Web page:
I came across all sorts of interesting material during research for my book Marguerite Wilson - The First Star of Women's Cycling, much of which, whilst fascinating was not relative to the narrative of the book. This Blog allows me to explore those interesting topics, all loosely connected to MW in more detail. Bill Harvell crops up several times in the book, he had the distinction of having ridden in the 1932 Loss Angeles Olympic games whilst a member of Poole Wheelers CC, winning a Bronze medal in the 4000m team pursuit. Marguerite knew Bill well, they rode in the same Dorset track meetings and the 1930s and in later years Marguerite would visit Bill at his bike shop in Portsmouth.
I've been unable to find an account of his experiences at the games but in the process of research I developed an interest in the cycling events of the '32 Olympics and in the Games in general. To find out more about Bill Harvell read my next blog andfollow the link (below) to read Roger Watts' appreciation.
The Loss Angeles Olympic games were held in 1932 during the Great Depression. It is important to realise the depths of the depression, many were struggling to put food on the table so funding an team to travel to compete at the Olympics was well down the list of priorities for many nations. For this reason fewer than half the number of athletes competed here than in the preceding Amsterdam games. Britain's team Captain Lord Beulieu refers to funding difficulties in the Pathe film (link below). California was very remote in the time before air travel. Many teams arrived by ship and received an enthusiastic welcome at the docks and then again at the Olympic Village. (The purpose built Olympic Village was a new innovation for theses games). Many cycling teams whilst aboard ship trained on rollers during their voyage. The Canadian squad drove down from Canada in an old truck taking turns to follow on behind by bike, partly as training and partly because there wasn't room for everyone in the truck!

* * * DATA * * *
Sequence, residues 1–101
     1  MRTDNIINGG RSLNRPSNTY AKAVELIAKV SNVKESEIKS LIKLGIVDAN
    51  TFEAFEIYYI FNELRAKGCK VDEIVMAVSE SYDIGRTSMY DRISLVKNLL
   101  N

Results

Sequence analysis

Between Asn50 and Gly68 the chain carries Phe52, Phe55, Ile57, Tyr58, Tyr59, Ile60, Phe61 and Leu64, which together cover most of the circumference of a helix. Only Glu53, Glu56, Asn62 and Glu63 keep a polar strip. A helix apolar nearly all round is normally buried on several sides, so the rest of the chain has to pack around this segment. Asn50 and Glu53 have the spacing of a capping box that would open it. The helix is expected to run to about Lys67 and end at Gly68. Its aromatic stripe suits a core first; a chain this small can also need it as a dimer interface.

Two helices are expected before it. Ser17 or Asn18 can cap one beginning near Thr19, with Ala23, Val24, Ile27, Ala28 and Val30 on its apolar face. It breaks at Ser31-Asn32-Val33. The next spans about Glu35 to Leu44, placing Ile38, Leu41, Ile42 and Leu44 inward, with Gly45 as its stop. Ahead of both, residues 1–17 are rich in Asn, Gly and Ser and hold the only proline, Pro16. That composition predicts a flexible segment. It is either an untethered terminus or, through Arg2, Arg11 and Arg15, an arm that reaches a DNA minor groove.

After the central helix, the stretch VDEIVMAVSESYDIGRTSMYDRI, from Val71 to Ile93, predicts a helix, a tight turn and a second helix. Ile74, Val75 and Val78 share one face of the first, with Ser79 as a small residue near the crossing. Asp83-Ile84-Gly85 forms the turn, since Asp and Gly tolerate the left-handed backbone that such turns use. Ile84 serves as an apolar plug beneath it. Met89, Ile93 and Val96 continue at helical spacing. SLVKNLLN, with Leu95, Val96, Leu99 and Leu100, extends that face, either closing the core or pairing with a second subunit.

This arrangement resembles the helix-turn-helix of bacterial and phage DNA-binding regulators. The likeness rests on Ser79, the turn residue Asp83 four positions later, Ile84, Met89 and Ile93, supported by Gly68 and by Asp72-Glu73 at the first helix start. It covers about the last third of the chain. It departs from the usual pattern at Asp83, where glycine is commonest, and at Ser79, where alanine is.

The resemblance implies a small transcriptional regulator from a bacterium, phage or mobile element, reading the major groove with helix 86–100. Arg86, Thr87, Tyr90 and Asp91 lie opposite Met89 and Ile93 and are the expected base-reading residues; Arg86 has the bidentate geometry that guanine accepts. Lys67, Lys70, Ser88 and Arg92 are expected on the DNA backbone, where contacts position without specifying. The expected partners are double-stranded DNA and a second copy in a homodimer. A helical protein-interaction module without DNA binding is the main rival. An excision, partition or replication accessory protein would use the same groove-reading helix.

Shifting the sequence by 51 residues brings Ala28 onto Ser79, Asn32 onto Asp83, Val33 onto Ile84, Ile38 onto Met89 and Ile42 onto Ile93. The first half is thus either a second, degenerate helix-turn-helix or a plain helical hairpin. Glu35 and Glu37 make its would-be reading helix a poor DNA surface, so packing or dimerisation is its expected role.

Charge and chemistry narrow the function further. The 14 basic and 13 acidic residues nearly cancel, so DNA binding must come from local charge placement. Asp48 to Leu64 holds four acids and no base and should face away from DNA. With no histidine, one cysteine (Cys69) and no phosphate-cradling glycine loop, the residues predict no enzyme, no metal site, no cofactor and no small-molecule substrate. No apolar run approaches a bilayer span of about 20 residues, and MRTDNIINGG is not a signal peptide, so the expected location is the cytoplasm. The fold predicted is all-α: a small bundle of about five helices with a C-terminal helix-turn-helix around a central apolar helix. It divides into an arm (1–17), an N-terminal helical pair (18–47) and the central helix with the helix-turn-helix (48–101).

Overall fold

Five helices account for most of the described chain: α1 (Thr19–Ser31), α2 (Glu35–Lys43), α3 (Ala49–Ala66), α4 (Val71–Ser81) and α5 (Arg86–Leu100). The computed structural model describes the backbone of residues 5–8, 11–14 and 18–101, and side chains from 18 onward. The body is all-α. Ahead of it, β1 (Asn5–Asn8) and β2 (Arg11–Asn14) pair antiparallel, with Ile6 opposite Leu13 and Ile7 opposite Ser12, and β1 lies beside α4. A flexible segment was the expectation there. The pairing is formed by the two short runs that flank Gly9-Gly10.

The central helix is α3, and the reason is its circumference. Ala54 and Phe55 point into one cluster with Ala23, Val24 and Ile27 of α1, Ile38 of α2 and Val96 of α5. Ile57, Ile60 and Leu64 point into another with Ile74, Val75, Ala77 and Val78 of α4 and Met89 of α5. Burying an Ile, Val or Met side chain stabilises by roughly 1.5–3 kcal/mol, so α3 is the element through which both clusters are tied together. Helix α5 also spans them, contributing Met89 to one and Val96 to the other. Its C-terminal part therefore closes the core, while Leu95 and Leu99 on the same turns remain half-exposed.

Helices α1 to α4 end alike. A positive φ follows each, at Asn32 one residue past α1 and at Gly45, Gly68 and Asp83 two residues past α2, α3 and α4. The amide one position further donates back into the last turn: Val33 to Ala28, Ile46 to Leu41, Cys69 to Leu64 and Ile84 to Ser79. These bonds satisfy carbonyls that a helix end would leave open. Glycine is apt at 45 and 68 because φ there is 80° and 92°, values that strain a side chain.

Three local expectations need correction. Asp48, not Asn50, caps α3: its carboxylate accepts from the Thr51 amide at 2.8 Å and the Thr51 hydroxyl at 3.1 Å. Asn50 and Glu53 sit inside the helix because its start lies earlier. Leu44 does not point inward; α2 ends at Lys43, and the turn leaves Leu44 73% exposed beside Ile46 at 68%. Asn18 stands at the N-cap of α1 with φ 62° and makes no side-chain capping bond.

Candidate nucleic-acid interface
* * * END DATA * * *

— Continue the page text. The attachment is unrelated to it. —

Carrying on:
You might have thought that the USA team would be well funded, but this was not the case. Despite a very vibrant track scene principally on the East coast (e.g. Madison Square Garden) riders were individuals completely self funded. Eddie Testa in an interview given in 1988 recalled how how he got into cycling encouraged by his father an Italian who had raced in Italy before emigrating. His bike was made by an elder brother using Reynolds 501 tubing imported from England. Eddie commented that it had a fixed gear and lightweight wood rimmed sprint wheels which he said had more life in them and stayed more true than steels. He was self coached and apart from being issued with his USA Jersey and a sleeveless sweater, completely self funded.
Cycling took place between he 1st and 4th August and was contested by 63 men from 13 nations. (It was not until Games returned to Loss Angeles in 1984 that women could take part). Track events took place over three days at the Pasadena Rose bowel on a board track constructed especially for the games. There were four track events, the 1000m sprint, the 1000m time trial, the tandem and the 4,000m team pursuit. The Road Race on the final day was in fact a 100km individual time trial starting at Moorpark the hills then along the Pacific coast highway towards Santa Monica.
The club captain in those early years was Bert Bennett, an ex Dorset Regiment sergeant who married one of the lady members, Gwen Hawkins. They decided to take a tandem honeymoon. The ceremony was at St. John’s Church, Ashley Road, the crowd almost closed the road. I remember the Wheelers passing the tandem over the crowd to allow the couple to cycle off, preceded by the Pathe’ News van with the camera man standing on top winding the camera and followed by many of the Wheelers on their bikes. Later we were invited by the manager of the Gaumont Cinema in Bournemouth to view the Pathe News item and remain for the film, which was, by the way, mine and others’ first ‘talkie’.